|Cassandra (speakingtruth) wrote in nevermore_logs,|
@ 2012-08-08 17:45:00
|Entry tags:||cassandra, lewis carroll|
WHO: Cassandra & Lewis Carroll
WHEN: Early Tuesday morning
WHERE: His place
WHAT: It's a Greek princess-o-gram!
Cassandra didn't know his name. Or perhaps it was simply that she didn't remember it, as there were so many things she didn't - and couldn't - remember. But one of them, one of those old man writers who had recorded down their lives, who had built Cassandra's tongue from ashes and made it a wily thing to never be believed, one of them had called her second in beauty only to Helen.
Was that the girl she was?
A face comparable to Aphrodite, they said. No one would have known it to glance at her, a teenage girl standing on a street corner as the rain flooded down and painted her jeans and sweater onto her body like a second skin.
The thought that she should go home crossed her mind, but Cassandra didn't know if she had one of those anymore. There were lines that mankind stood behind and to put even a toe over that line... well, no one wanted that.
She blinked rain out of her eyes.
It's raining, said the man who approached her under his umbrella.
I knew it would, Cassandra replied.
If he said more she didn't hear it. (And if she said more he wouldn't believe it.)
She took shelter beneath the curving belly of a horse statue - an irony not lost on Cassandra - and lay curled there as the rain drizzled down and eventually dried, the sun rising with it. Somewhere her sister-in-law was nursing a knife wound, not deep but not any less terrifying for that. It was just that Cassandra sometimes couldn't help herself, couldn't quite remember who was a friend and who was an enemy. Her confused mind could make her as angry and frustrated as it made her sad and how could Cassandra have known that the other woman wasn't trying to hurt her.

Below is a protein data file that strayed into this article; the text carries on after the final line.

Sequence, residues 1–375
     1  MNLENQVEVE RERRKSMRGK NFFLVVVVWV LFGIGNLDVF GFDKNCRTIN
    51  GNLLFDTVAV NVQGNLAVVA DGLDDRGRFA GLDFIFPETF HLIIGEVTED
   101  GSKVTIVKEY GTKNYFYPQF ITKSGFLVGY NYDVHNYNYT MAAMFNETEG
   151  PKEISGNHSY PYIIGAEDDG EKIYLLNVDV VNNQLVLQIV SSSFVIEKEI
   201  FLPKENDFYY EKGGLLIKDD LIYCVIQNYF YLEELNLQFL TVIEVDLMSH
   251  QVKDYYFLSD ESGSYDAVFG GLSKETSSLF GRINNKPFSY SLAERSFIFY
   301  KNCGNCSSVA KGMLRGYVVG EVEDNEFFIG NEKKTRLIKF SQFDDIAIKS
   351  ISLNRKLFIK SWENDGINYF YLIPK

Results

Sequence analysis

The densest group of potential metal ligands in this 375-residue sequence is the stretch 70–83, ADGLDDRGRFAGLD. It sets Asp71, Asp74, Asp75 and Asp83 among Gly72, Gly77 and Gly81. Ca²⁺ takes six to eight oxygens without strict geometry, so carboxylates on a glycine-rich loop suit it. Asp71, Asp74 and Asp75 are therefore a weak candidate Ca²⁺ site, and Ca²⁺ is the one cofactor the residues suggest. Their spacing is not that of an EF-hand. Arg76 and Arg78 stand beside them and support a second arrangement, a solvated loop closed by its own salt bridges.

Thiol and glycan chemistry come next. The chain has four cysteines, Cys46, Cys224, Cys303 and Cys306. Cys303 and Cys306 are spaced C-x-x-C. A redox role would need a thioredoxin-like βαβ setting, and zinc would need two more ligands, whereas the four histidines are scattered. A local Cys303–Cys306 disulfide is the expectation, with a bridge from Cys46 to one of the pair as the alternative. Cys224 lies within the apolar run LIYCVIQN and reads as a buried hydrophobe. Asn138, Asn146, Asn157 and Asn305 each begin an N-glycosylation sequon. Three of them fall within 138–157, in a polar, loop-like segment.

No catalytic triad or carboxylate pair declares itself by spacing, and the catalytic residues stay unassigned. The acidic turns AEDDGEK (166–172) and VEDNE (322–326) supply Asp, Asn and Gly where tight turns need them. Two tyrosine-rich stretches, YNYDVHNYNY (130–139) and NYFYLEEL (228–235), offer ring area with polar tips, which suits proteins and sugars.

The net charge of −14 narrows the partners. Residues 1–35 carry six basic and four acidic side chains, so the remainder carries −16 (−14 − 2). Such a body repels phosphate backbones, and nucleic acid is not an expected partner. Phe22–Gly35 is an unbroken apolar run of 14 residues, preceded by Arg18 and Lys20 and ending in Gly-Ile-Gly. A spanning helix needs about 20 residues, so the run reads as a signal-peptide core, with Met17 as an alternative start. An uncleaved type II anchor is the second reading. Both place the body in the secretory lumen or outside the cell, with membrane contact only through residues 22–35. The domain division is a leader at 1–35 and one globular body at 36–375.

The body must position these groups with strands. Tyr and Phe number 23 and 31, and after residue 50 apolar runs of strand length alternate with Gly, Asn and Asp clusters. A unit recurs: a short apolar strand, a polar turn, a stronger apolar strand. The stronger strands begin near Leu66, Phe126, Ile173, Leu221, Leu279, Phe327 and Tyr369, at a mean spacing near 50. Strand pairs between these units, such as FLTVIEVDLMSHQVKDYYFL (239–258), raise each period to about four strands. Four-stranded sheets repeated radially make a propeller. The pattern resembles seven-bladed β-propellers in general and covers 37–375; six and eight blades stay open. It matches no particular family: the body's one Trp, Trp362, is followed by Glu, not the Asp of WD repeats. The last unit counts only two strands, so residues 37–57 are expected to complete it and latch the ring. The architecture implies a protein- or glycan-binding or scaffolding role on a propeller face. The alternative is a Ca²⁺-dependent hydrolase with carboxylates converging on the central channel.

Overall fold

Cassandra didn't need to be a prophet to know that she couldn't stay, not in that house of father and mother and tiny baby. She would save her brother the heartache of asking her to leave and she would disappear as though she was never even there. Everyone would have so much more peace without crazy Cassandra around. Her brother would be sad to start with, but quietly there would be relief, and eventually she'd be only a memory.
When Cassandra arrived on the writer's doorstep, her clothes and hair were still wet. She felt drowned, in more ways that one. She considered, for a moment, knocking, but Charles was soon to leave his home, she felt sure. So instead of knocking, Cassandra stood in front of the door and waited for as long as it would take.